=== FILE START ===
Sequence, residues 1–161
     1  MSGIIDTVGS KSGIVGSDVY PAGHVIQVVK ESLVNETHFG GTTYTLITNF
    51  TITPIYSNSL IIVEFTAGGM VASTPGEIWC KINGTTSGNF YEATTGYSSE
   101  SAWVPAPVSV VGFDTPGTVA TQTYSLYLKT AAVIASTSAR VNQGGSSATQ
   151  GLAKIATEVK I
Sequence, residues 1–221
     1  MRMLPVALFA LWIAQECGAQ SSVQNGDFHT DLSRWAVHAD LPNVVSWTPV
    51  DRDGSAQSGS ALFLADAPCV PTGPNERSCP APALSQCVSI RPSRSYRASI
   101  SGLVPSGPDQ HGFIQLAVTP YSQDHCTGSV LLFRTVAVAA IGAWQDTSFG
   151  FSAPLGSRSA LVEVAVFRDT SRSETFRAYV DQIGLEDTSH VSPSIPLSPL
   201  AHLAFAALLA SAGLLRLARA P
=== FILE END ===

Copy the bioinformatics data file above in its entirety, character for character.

Sequence, residues 1–161
     1  MSGIIDTVGS KSGIVGSDVY PAGHVIQVVK ESLVNETHFG GTTYTLITNF
    51  TITPIYSNSL IIVEFTAGGM VASTPGEIWC KINGTTSGNF YEATTGYSSE
   101  SAWVPAPVSV VGFDTPGTVA TQTYSLYLKT AAVIASTSAR VNQGGSSATQ
   151  GLAKIATEVK I
Sequence, residues 1–221
     1  MRMLPVALFA LWIAQECGAQ SSVQNGDFHT DLSRWAVHAD LPNVVSWTPV
    51  DRDGSAQSGS ALFLADAPCV PTGPNERSCP APALSQCVSI RPSRSYRASI
   101  SGLVPSGPDQ HGFIQLAVTP YSQDHCTGSV LLFRTVAVAA IGAWQDTSFG
   151  FSAPLGSRSA LVEVAVFRDT SRSETFRAYV DQIGLEDTSH VSPSIPLSPL
   201  AHLAFAALLA SAGLLRLARA P